Information Overload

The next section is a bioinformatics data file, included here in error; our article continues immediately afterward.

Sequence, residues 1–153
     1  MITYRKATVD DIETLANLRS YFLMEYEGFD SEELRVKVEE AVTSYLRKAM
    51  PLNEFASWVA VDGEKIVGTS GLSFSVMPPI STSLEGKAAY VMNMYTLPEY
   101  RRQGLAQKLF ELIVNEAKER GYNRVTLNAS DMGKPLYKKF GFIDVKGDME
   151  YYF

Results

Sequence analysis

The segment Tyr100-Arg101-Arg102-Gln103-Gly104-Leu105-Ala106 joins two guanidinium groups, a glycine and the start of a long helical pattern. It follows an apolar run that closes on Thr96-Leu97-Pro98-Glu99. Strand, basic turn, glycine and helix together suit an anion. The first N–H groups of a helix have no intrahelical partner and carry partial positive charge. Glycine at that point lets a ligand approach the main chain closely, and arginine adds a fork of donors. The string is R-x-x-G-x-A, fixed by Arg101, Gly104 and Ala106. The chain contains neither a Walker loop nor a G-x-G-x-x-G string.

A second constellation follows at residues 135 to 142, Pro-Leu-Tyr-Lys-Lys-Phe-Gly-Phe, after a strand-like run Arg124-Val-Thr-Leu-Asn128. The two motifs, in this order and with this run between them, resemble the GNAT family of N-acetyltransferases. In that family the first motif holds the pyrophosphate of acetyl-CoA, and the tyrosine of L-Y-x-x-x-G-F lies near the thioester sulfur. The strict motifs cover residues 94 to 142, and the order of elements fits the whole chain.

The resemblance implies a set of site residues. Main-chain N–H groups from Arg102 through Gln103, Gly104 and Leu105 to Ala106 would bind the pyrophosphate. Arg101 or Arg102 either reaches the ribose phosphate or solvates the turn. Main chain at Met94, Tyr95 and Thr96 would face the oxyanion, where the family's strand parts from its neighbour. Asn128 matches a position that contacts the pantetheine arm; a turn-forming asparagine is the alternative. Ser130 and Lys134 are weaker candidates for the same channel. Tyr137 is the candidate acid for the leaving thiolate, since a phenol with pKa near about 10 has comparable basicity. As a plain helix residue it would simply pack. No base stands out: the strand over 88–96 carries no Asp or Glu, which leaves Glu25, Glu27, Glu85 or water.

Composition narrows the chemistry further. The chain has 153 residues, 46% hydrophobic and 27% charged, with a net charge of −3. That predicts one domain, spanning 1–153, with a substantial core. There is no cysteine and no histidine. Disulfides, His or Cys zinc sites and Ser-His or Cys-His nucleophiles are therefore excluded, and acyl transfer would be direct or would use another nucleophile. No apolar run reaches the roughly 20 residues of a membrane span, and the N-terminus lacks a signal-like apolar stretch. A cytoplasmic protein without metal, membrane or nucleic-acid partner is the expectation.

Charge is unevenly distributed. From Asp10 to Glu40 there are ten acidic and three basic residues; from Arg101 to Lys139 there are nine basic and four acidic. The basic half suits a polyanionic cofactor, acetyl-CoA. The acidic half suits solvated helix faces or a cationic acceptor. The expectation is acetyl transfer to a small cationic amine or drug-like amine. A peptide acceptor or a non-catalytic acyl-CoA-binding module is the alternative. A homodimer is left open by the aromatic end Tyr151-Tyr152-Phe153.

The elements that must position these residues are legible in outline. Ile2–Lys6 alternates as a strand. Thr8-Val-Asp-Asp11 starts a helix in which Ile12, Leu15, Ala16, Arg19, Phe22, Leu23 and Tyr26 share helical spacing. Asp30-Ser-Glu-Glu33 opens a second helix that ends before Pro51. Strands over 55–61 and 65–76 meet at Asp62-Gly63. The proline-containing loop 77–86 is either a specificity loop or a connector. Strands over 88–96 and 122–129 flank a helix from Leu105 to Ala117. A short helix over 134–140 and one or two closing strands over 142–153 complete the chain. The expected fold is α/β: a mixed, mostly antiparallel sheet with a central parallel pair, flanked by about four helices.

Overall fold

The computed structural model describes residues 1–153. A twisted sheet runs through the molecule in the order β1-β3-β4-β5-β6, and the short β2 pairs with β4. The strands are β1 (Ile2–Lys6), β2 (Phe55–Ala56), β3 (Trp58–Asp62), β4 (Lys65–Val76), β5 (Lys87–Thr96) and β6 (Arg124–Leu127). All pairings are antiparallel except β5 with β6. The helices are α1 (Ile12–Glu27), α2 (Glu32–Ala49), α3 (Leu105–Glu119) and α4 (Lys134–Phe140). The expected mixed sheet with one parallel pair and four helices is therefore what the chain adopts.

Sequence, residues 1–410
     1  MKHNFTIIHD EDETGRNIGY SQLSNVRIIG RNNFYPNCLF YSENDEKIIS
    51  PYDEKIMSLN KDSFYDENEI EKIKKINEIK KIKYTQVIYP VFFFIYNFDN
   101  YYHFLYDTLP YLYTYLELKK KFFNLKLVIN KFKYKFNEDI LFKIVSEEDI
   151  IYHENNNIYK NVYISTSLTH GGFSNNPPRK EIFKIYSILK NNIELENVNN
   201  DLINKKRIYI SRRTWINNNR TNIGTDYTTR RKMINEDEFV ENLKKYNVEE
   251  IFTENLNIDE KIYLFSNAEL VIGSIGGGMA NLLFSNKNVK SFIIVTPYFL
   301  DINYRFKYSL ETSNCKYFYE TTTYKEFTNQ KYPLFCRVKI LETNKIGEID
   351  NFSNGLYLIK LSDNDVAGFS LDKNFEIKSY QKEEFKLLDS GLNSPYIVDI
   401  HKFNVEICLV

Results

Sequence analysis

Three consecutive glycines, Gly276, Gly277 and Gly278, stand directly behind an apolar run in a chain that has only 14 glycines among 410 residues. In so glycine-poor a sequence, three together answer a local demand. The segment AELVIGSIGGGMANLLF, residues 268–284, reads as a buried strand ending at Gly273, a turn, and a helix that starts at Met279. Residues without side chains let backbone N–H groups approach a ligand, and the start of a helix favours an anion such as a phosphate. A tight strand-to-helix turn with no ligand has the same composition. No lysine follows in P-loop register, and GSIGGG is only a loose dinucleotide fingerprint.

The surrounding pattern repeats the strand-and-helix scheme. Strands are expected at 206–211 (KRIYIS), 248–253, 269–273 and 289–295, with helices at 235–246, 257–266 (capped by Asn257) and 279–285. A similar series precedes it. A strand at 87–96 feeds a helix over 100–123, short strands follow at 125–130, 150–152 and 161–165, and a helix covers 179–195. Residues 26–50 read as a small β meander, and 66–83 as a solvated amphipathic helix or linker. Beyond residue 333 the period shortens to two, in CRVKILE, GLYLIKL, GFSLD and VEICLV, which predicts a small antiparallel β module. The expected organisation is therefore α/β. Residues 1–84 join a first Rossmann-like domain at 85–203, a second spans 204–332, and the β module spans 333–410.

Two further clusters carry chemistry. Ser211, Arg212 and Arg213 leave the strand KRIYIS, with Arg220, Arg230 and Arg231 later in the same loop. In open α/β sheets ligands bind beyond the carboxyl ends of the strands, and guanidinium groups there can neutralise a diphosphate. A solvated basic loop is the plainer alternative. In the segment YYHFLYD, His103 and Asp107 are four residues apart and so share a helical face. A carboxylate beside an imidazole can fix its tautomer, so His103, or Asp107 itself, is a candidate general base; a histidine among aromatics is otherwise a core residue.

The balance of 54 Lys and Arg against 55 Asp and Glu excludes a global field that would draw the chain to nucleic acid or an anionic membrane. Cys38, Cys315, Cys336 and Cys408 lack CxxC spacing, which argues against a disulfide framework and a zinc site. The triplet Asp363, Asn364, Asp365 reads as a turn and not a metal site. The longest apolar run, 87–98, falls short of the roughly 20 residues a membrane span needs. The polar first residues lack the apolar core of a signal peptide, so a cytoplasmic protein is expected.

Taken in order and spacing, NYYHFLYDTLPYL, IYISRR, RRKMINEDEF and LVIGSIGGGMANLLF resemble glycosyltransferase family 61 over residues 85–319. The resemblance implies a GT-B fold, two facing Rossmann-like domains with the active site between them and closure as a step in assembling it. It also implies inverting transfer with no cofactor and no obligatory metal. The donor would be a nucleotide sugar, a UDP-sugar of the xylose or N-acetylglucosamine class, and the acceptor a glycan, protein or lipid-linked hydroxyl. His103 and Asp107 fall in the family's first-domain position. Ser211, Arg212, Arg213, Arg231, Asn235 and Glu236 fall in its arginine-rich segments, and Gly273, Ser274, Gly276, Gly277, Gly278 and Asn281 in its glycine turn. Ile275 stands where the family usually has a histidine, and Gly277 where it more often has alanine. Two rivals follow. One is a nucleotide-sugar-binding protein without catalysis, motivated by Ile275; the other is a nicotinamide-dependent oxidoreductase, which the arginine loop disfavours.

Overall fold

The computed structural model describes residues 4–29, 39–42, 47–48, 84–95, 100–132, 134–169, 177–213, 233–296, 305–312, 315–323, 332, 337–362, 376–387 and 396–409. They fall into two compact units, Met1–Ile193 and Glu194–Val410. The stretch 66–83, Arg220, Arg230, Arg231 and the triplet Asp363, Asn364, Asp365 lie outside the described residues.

I have a theory that the human brain can only hold a finite amount of information. Look at it this way: the average brain is not much bigger than a large honeydew and if you were to drill a hole in a large honeydew and stuff it with articles you clipped out of the newspaper there would eventually come a point where you tried to cram an Ann Landers column in that didn't contain a reference to a wet noodle only to discover that the honeydew was full and besides, Ann Landers did tell "Frustrated in Fredericksburg" to "wake up and smell the coffee" which is almost as obnoxious.At this point in my life there are way too many things stuck in my honeydew that don't need to be there anymore. I remember that "dessert" has two esses because you always want seconds. I know that Roger Moore starred in the TV show The Saint. And I know that ontogeny recapitulates phylogeny, though why I should ever have even learned that in the first place is totally beyond me. But what worries me isn't what I remember, it's how much new stuff I'm constantly trying to put up there. I'm deathly afraid that any day now I'm going to store one too many pieces of information in my brain and the multiplication tables will fall out my left ear. Or I might lose my telephone number. Or my name.That's why it didn't surprise me when I read that fewer than half the adults in this country know that it takes the Earth a year to go around the sun. I'm sure they knew this at one time but then, not realizing the consequences, went ahead and memorized the Thursday night line-up on NBC and, whoops!, there went a piece of useless astronomy out the left ear. Is it any wonder I'm constantly tripping over cosines, the cause of the Battle of Hastings and the correct spelling of "occasionally" when I'm walking down the street minding my own business?The survey in question was one of a never-ending series designed to alarm us over the sad state of education, the deterioration of the youth of our country and our inability to find the continuation of a front-page article on page thirteen because--as everyone should know by now -- there is no page thirteen, newspaper editors being the superstitious bunch they are.But how can we accurately assess our stupidity when these surveys insist on asking trick questions?Actual True or False Question from the Newspaper: The center of the Earth is very hot. (True, but not as hot as Richmond, Virginia in August.)Actual True or False Question from the Newspaper: The oxygen we breathe comes from plants. (I don't know about you, but mine comes from the air, except of course last Friday night at 2:00 am when I was lying face down in a park giving mouth-to-mouth resuscitation to a Bermuda blue fescue sod plug .)Actual True or False Question from the Newspaper: Human beings, as we know them today, developed from earlier species. (Generally true, with the notable exceptions of David Letterman, Fabio and Sandra Bernhart, whose origins have baffled some of our top scientists, including Siskal and that fat guy.)The fact that so many people blew this quiz is sad since science is very important. For without hard working, serious, down-to-earth scientists the white lab coat industry would completely dry up. And attendance at the 15th annual conference of the Society for Scientific Exploration which was recently held at the University of Virginia would have been lower than a grasshopper's limbo bar. This gathering allows some of the best scientific minds of our time -- defined as the largest honeydews stuffed with the most newspaper clippings -- to get together and discuss pressing scholarly matters like whether a UFO really did crash in New Mexico in the 1940s, whether the United States government is withholding vital information about alien visitors and whether the "face" on Mars which was photographed by the Viking space craft looks more like Roseanne or the Cookie Monster.Not a week after this first article appeared another one ran, posing the question: Are today's kids the lamest bunch of chowderheads to come down the pike in years or does everyone really look good with Rachel's haircut? The problem this time wasn't science, it was history. And it was very disheartening. It seems 85% of the people surveyed didn't know what year Alfred Temperature discovered that the center of the Earth is very hot (1964), 64% didn't know the events leading up to plants volunteering to give us oxygen (the signing of the Magna Carta) and 99.9% agree that David Letterman is a poor example of development.What all this really means is that retention is at an all-time low, except of course for water during that time of the month. And while the cure is to pay attention, study hard and write the answers on the palm of your hand, in all good conscience I can't condone this solution. You see, the next time I walk down the street and almost trip over your social security number I don't want to feel responsible. Hey, I wasn't the one who told you to memorize the menu at Taco Bell in alphabetical order.

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